8. Heparan sulfate 3-O-sulfotransferase isoform 5 generates both an antithrombin-binding site and an entry receptor for herpes simplex virus, type 1. Xia, G., Chen, J., Tiwari, V., Ju, W., Li, J.P., Malmstrom, A., Shukla, D., Liu, J. J. Biol. Chem. (2002) [Pubmed]
  9. Antiphospholipid antibodies: origin, specificity, and mechanism of action. Brey, R.L., Coull, B.M. Stroke (1992) [Pubmed]
  10. Coagulation disorders in experimentally induced acute mouse malaria. Reiner, G., Clemens, R., Bock, H.L., Enders, B. Acta Trop. (1991) [Pubmed]
  11. Low molecular weight protamine: a potential nontoxic heparin antagonist. Byun, Y., Singh, V.K., Yang, V.C. Thromb. Res. (1999) [Pubmed]
  12. Mapping of Abll within a conserved linkage group on distal mouse chromosome 1 syntenic with human chromosome 1 using an interspecific cross. Seldin, M.F., Kruh, G.D. Genomics (1989) [Pubmed]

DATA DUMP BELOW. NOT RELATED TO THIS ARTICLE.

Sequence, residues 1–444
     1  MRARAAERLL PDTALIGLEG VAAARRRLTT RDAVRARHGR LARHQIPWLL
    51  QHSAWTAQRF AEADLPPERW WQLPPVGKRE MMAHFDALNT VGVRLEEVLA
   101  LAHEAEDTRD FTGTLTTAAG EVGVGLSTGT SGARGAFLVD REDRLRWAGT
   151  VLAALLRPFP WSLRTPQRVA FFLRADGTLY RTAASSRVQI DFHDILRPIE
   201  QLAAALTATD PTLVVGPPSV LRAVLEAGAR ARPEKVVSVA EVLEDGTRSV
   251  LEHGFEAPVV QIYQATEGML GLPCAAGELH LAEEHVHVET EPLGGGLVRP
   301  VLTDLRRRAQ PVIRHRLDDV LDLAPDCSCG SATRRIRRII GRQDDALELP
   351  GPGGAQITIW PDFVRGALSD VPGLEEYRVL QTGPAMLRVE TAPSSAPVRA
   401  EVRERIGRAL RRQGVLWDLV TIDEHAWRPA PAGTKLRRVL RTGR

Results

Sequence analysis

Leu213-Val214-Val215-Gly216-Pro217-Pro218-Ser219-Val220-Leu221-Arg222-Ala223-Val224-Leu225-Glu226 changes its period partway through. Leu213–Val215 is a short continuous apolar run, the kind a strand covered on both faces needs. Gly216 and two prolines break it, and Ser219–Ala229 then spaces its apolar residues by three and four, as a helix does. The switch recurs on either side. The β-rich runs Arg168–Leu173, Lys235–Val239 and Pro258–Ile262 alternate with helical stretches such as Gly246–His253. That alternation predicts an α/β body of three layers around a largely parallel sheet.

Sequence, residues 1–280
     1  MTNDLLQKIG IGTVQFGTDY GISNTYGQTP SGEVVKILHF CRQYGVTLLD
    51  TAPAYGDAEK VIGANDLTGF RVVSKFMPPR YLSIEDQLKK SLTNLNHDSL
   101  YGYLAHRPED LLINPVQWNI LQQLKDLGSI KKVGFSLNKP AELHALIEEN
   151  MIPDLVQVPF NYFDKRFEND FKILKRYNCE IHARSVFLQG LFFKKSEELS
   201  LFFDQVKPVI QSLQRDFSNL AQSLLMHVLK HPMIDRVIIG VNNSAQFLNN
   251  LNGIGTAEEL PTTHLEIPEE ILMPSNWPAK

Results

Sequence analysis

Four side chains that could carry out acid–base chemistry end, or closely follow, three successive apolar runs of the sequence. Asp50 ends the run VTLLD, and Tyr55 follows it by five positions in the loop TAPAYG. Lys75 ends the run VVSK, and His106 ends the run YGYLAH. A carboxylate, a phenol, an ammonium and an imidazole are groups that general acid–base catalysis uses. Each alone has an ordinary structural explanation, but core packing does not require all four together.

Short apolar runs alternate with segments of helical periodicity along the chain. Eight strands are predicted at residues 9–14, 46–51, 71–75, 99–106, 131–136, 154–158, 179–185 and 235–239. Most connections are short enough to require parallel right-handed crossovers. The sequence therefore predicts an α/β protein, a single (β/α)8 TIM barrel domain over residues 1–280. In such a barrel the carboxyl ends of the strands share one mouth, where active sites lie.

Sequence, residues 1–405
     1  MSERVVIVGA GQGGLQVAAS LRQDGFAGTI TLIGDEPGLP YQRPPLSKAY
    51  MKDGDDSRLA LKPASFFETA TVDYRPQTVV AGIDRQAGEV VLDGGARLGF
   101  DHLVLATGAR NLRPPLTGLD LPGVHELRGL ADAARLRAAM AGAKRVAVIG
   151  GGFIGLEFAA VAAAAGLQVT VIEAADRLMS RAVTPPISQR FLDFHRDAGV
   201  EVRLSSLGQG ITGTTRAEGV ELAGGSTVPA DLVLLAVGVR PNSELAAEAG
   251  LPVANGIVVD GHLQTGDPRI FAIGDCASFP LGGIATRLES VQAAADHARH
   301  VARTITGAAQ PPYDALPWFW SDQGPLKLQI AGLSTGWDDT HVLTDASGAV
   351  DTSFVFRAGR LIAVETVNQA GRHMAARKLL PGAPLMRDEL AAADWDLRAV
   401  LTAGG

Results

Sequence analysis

13. Rapid and efficient construction of yeast artificial chromosome contigs in the mouse genome with interspersed repetitive sequence PCR (IRS-PCR): generation of a 5-cM, > 5 megabase contig on mouse chromosome 1. Hunter, K.W., Ontiveros, S.D., Watson, M.L., Stanton, V.P., Gutierrez, P., Bhat, D., Rochelle, J., Graw, S., Ton, C., Schalling, M. Mamm. Genome (1994) [Pubmed]
  14. Antiangiogenic effects of latent antithrombin through perturbed cell-matrix interactions and apoptosis of endothelial cells. Larsson, H., Sjöblom, T., Dixelius, J., Ostman, A., Ylinenjärvi, K., Björk, I., Claesson-Welsh, L. Cancer Res. (2000) [Pubmed]
  15. L-asparaginase-induced antithrombin type I deficiency: implications for conformational diseases. Hernández-Espinosa, D., Miñano, A., Martínez, C., Pérez-Ceballos, E., Heras, I., Fuster, J.L., Vicente, V., Corral, J. Am. J. Pathol. (2006) [Pubmed]
  16. Structure and affinity for antithrombin of heparan sulfate chains derived from basement membrane proteoglycans. Pejler, G., Bäckström, G., Lindahl, U., Paulsson, M., Dziadek, M., Fujiwara, S., Timpl, R. J. Biol. Chem. (1987) [Pubmed]